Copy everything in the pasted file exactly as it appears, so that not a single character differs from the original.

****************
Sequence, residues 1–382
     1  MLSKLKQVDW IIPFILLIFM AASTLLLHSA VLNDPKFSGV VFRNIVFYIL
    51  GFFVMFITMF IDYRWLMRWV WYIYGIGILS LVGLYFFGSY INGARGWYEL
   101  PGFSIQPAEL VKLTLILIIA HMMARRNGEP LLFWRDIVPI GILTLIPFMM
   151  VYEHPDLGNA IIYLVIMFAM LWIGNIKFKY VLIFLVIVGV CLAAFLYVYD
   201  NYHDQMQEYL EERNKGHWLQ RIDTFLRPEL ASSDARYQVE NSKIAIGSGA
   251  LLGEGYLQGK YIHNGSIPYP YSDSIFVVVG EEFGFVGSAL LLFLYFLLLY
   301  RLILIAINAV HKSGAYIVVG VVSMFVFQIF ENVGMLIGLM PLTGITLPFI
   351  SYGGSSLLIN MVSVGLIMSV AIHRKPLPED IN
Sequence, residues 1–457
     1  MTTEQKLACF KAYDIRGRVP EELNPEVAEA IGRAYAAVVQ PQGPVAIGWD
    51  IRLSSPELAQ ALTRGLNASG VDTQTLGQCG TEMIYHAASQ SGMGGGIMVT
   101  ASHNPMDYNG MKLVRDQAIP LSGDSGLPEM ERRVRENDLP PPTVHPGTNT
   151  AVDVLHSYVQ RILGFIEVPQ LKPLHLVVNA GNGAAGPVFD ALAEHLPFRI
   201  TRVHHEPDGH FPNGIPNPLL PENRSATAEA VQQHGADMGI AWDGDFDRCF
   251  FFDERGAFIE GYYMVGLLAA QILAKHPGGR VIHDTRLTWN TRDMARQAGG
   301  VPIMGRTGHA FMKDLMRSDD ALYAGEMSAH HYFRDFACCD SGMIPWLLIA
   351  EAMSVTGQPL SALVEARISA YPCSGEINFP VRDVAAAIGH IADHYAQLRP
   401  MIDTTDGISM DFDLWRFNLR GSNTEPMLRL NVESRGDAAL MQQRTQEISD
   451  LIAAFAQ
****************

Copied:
Sequence, residues 1–382
     1  MLSKLKQVDW IIPFILLIFM AASTLLLHSA VLNDPKFSGV VFRNIVFYIL
    51  GFFVMFITMF IDYRWLMRWV WYIYGIGILS LVGLYFFGSY INGARGWYEL
   101  PGFSIQPAEL VKLTLILIIA HMMARRNGEP LLFWRDIVPI GILTLIPFMM
   151  VYEHPDLGNA IIYLVIMFAM LWIGNIKFKY VLIFLVIVGV CLAAFLYVYD
   201  NYHDQMQEYL EERNKGHWLQ RIDTFLRPEL ASSDARYQVE NSKIAIGSGA
   251  LLGEGYLQGK YIHNGSIPYP YSDSIFVVVG EEFGFVGSAL LLFLYFLLLY
   301  RLILIAINAV HKSGAYIVVG VVSMFVFQIF ENVGMLIGLM PLTGITLPFI
   351  SYGGSSLLIN MVSVGLIMSV AIHRKPLPED IN
Sequence, residues 1–457
     1  MTTEQKLACF KAYDIRGRVP EELNPEVAEA IGRAYAAVVQ PQGPVAIGWD
    51  IRLSSPELAQ ALTRGLNASG VDTQTLGQCG TEMIYHAASQ SGMGGGIMVT
   101  ASHNPMDYNG MKLVRDQAIP LSGDSGLPEM ERRVRENDLP PPTVHPGTNT
   151  AVDVLHSYVQ RILGFIEVPQ LKPLHLVVNA GNGAAGPVFD ALAEHLPFRI
   201  TRVHHEPDGH FPNGIPNPLL PENRSATAEA VQQHGADMGI AWDGDFDRCF
   251  FFDERGAFIE GYYMVGLLAA QILAKHPGGR VIHDTRLTWN TRDMARQAGG
   301  VPIMGRTGHA FMKDLMRSDD ALYAGEMSAH HYFRDFACCD SGMIPWLLIA
   351  EAMSVTGQPL SALVEARISA YPCSGEINFP VRDVAAAIGH IADHYAQLRP
   401  MIDTTDGISM DFDLWRFNLR GSNTEPMLRL NVESRGDAAL MQQRTQEISD
   451  LIAAFAQ